How to Choose the Perfect Toolbox for Your Home Needs

So, you know what tools should be in your first toolbox , but where do you store them all? Here are tons of dashboard options for storing all of your tools.

The process of choosing a toolbox is almost as fun as buying the tools themselves. Tool storage is available in a variety of forms to suit any need – from the DIYer to the professional contractor. Whether you choose a large rolled steel box or a compact plastic bag, there is no excuse for your tools not being safe, reliable, and ready to go.

Tool boxes for hand carry

Plastic or steel portable tool boxes are standard when storing tools. Even if you have a large toolbox, you will still keep a portable toolbox close at hand for work outside of your workshop.

Most portable toolboxes are hand-carried and have a foldable top handle for easy transport. Look for boxes with an internal removable tray to help separate small items like pencils, levels, and goggles. Without a tray, these small tools can get lost in the mess of the toolbox. The less you have to rummage through your toolbox to find what you need, the better.

Some tool boxes have built-in trays and even smaller containers in which you can store hardware such as screws and nuts. This is useful if you don’t have separate storage for small hardware.

At the bottom of plastic toolboxes, look for one with a metal latch, as it will be more durable and perform better. This Stanley box is weather resistant and available in three sizes.

Metal tool boxes (like the one shown above by Craftsman ) are classics and never go out of style. However, they are also heavy and you will quickly get tired if you need a portable box. You can find these bargain-priced tool boxes at garage sales, often filled with tools that are just as rusty as the box. Here’s how to bring your old metal toolbox back to its former glory so you can use it for years to come.

Tool bags are a lightweight and portable alternative used by many contractors. They are made from durable canvas and have pockets to hold tools vertically for easy identification and access. They won’t hold large tools like saws, but it’s tough to beat a tool bag as it will be an indispensable option for any DIYer or homeowner. We love the bags from Duluth Trading and Bostitch .

Rolling tool boxes

The wheeled toolbox is ideal for transporting heavier hand tools and power tools. They work on the same principle as luggage on wheels: you have two polyurethane wheels and a handle so you can easily roll it to your next destination.

Several manufacturers, such as DeWALT and RIDGID , have built mobile workstations like the one shown above with a toolbox and toolboxes that stack on top of each other for easy transport.

This class of toolboxes is probably overkill for the DIYer or those working in the workshop. Unless you are traveling or traveling long distances with your tools, you are better off carrying a manual toolbox.

Tool box and storage cabinet

When your collection of tools developed into a small box with tools, it’s time to go to the box with tools . These are the ones you’ll find in every auto repair shop across the country and are often combined with a wheeled tool trolley . They range in size from 26 “to 46” wide and usually have large lockers that open easily to accommodate tools of any size.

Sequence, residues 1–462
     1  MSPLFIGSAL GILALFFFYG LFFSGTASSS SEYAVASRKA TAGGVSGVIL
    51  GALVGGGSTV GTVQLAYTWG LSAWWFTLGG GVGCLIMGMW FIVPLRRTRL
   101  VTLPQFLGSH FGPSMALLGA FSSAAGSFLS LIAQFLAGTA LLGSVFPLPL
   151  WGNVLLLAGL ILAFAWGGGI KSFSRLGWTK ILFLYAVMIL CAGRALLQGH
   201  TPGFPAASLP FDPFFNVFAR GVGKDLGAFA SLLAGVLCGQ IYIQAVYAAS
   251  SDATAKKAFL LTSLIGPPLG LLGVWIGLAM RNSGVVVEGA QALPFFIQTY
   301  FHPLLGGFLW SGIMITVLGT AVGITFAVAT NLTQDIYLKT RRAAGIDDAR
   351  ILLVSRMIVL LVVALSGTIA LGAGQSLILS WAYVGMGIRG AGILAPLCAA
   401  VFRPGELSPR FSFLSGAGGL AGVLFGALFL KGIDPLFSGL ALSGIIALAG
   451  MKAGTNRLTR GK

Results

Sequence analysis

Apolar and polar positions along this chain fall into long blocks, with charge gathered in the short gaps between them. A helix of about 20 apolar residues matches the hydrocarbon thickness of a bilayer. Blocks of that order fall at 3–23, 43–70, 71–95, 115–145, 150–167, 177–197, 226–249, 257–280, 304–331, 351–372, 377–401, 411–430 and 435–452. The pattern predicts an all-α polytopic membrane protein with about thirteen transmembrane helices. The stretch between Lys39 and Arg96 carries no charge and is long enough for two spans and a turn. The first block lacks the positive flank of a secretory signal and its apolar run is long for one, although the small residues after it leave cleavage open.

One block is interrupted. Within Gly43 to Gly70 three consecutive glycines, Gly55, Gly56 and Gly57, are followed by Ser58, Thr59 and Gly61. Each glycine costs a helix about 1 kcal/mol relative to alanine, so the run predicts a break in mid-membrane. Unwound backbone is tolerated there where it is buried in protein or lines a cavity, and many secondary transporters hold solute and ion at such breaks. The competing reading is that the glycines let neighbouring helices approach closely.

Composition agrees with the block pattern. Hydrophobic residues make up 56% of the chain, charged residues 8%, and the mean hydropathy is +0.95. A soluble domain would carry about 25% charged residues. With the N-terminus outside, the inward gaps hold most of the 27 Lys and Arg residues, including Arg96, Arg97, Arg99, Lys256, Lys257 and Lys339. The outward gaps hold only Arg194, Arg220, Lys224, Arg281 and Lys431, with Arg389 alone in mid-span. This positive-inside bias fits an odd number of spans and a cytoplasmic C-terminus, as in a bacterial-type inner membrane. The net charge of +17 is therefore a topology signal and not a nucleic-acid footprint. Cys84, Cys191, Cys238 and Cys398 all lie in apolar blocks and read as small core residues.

Tool boxes often have a large top that rises to open up more storage space for tools or a work area. They can be used alone and placed on a work bench or on a matching tool cabinet that provides even more storage drawers.

Think of these units as furniture for your garage or workplace. Measure the available space as if you were using a sofa when buying a large toolbox and cabinet. Leave enough space for working around the toolbox and for the drawers to fully extend.

Craftsman and Snap-On Tool Chests have been the most popular for years, but you’ll find cheaper options from Husky at Home Depot and Kobalt at Lowe’s. Toolmakers recently introduced their own toolboxes from Milwaukee, DeWalt and Stanley.

You can spend as little as a couple hundred dollars for a quality toolbox, or over $ 1,000 for a toolbox / cabinet combination.

Higher quality toolboxes will include higher drawer loads, better hardware and bearings for the drawers, thicker steel, and better paint and finish. You can also find tool boxes with built-in extensions and lighting.

Milwaukee’s new toolbox / cabinet combo costs $ 698 but is too wide at 46 inches. For a narrower toolbox, check out DeWalt and Husky’s suggestions.

Tool benches

Closely associated with tool boxes and cabinets are tool benches . The best ones are steel, and they provide a solid work area with storage space for tools underneath.

Countertops are often made from a meat block and, like tool cabinets, are mounted on casters so they can be easily put back in place.

For small work areas, this Craftsman will work well, and for garage jobs, we recommend this sharp-looking workbench from Gladiator (shown above), but there are many other options depending on size and aesthetics.

Accessories for your toolbox

If you are using a toolbox, tool rolls are a great way to protect your tools and prevent them from damaging each other in a collision. It also makes them easier to access when you need them.

Drawer liners are essential with any toolbox to keep your tools from slipping as you open and close the drawers, and you can take it a step further by making custom styrofoam inserts for your tools.


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